Resident Evil: Extinction
Author: Keith R.A. DeCandido
Published By: Pocket Star Books
Reviewed by Melissa Minners
After reading the novelization of Resident Evil: Apocalypse, I knew I had to get my hands on the rest of Keith R.A. DeCandido’s Resident Evil books. He had done such a good job with Apocalypse, that I just knew he would do the other films justice. My next acquisition was Resident Evil: Extinction.
Resident Evil: Extinction picks up where the events of Apocalypse left off. The world has been overrun by flesh-eating zombies thanks to the T-Virus created by the Umbrella Corporation. Unable to contain the virus, the corporation has gone underground and Dr. Samuel Isaacs has been tasked with finding a way to get the world back to normal. He believes that Project Alice holds the key. If Alice could alter the T-Virus and make it enhance her abilities rather than transform her into the living dead, perhaps her blood is the key to a new, more potent antivirus. Unfortunately, that means he has to recapture her as, since her escape from Umbrella’s Detroit base, she has gone underground.
In fact, Alice has been traveling the United States alone, looking for any sign of human life and helping to liberate any survivors from the grips of the undead. She keeps aware of the times and locations of Umbrella’s satellites as they have been used to track her whereabouts. In her travels, she comes across a journal in which hopeful entries have been made about Arcadia, Alaska. Isolated from the rest of the continent, it appears to be free from undead and possibly a safe haven for survivors.
Jill Valentine has been traveling alone as well, performing in the same capacity, liberating as many survivors as possible before moving on to a new location to help more. She trusts no one and has lost track of Carlos Oliveira since she dropped off survivors some time ago with his roaming caravan. In Baltimore, Jill finds survivors being starved out of existence by a band of criminals hording all of the cities supplies. That doesn’t sit well with the former police officer, so she decides to set things right.
Meanwhile, in the deserts of Nevada, Carlos and LJ have joined up with Claire Redfield to form a caravan of survivors. The group’s search for fuel and food lead them to the Desert Trail Motel, some hundred plus miles from Las Vegas. Their overnight stay is met with an attack from hordes of crows infected with the T-Virus and hungry for human flesh. The group is about to be decimated when Alice suddenly appears, using her psionic powers to destroy them.
Alice’s tale of a possible haven doesn’t sit well with Claire, but the convoy, now down to twenty-some-odd people need a ray of hope to cling to. Unfortunately, there is no way they can make it to Arcadia without fuel and food. Alice suggests that they head to Las Vegas as they city will be most likely to boast a huge store of supplies, despite the fact that large cities are sure to have an equally large sum of undead. Unbeknownst to Alice, Dr. Isaacs has triangulated on her location by tracking the use of her psionic powers and he has a surprise in store for her at Las Vegas. He’s been experimenting on the undead, the results of which can be catastrophic for the members of the caravan.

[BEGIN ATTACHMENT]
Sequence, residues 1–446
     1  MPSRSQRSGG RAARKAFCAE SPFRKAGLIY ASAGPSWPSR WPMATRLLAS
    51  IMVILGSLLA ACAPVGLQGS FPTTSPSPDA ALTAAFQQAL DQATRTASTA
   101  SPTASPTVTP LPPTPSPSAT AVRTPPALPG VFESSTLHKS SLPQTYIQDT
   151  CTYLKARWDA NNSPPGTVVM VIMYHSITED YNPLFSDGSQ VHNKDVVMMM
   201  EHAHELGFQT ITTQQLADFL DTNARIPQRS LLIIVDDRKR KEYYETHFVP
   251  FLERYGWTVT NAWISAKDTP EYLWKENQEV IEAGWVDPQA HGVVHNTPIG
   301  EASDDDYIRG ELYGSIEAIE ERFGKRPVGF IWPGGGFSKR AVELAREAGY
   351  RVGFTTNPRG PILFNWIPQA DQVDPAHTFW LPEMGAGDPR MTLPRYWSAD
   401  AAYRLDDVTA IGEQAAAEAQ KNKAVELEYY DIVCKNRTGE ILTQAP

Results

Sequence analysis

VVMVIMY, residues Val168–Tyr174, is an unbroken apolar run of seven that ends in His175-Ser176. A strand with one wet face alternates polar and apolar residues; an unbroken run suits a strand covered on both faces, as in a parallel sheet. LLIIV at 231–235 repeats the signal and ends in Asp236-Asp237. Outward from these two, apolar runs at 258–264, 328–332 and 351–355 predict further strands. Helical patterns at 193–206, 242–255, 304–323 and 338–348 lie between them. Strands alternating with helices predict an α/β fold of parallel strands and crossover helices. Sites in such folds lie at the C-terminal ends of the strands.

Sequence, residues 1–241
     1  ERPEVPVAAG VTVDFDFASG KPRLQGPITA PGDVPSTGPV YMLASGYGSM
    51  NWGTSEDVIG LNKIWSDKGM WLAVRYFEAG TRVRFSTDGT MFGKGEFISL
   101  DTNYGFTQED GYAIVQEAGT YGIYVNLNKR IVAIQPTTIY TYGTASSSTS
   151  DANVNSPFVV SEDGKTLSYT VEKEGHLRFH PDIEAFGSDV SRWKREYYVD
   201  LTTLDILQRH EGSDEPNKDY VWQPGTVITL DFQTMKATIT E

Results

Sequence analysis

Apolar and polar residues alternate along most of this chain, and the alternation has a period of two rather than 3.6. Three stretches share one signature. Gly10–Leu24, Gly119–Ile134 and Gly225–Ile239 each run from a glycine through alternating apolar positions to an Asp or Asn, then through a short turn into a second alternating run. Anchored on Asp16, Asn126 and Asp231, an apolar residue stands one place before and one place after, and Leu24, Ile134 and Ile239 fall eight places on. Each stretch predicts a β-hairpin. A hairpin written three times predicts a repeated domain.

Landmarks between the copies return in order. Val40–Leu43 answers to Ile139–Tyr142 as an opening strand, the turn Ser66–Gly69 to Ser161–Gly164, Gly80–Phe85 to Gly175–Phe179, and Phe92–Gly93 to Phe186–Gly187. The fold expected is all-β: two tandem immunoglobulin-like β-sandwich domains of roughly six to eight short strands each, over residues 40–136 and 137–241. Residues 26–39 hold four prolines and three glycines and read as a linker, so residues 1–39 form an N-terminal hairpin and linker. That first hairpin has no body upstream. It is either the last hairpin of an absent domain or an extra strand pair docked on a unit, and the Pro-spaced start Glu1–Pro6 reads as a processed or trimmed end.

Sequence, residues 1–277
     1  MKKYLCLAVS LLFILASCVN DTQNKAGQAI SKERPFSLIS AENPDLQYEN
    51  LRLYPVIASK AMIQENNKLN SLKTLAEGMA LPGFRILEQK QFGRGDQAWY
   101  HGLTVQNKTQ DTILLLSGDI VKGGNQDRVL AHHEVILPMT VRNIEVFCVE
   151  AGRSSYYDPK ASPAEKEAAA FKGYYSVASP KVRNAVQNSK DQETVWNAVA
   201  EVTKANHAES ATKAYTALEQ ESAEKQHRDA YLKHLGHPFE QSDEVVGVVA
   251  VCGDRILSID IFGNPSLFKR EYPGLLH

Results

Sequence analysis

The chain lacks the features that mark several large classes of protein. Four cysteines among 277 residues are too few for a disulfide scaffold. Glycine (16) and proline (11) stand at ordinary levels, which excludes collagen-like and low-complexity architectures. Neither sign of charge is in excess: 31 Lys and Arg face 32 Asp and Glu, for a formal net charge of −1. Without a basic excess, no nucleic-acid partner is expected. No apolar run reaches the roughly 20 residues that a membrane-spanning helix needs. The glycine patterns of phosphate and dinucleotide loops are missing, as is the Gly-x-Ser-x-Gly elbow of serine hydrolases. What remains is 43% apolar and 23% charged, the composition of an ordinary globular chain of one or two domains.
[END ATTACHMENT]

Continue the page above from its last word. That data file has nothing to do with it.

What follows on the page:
Resident Evil: Extinction follows a very important pattern. The beginning of the novel flashes back and forth. The use of flashbacks allows us to see the events left out of the movie, explaining how Carlos, Alice, LJ and Jill had gotten split up and the disappearance of Angie. We are made to understand why Alice travels alone and Angie is nowhere to be found. Also, we are finally allowed some insight into what happened to the character of Jill Valentine as she is nowhere to be found in the movie, but suddenly reappears in Resident Evil: Afterlife. I really enjoyed this aspect of the novel as I felt that there were several gaps that needed filling between the two film. Questions that were never answered in the movies were answered in DeCandido’s novelization.
The second half of the book is dedicated to the present with Alice joining the caravan and their journey into Nevada and Jill’s organizing of Baltimore’s survivors to rise up against the bandits holding them at bay. Even here, more details are offered up than in the film. You would think that all the new additions would ruin the continuity, but all it does is enhance the experience for the fan.
DeCandido’s novelizations have proven to be fun and rather descriptive reads. They add to the fan’s experience by cluing them into their favorite characters’ whereabouts and offer insight into their thoughts and actions throughout the film. The You become so engrossed in the story and so invested in the characters that you actually feel a bit let down when the ride is over, thinking, “Hey, I want more!” And I plan on getting my hands on more - I still have to check out Resident Evil: Genesis, DeCandido’s novelization of the original Resident Evil film. I have to see a novelization of Afterlife, but one can only hope it will be written by Keith R.A. DeCandido.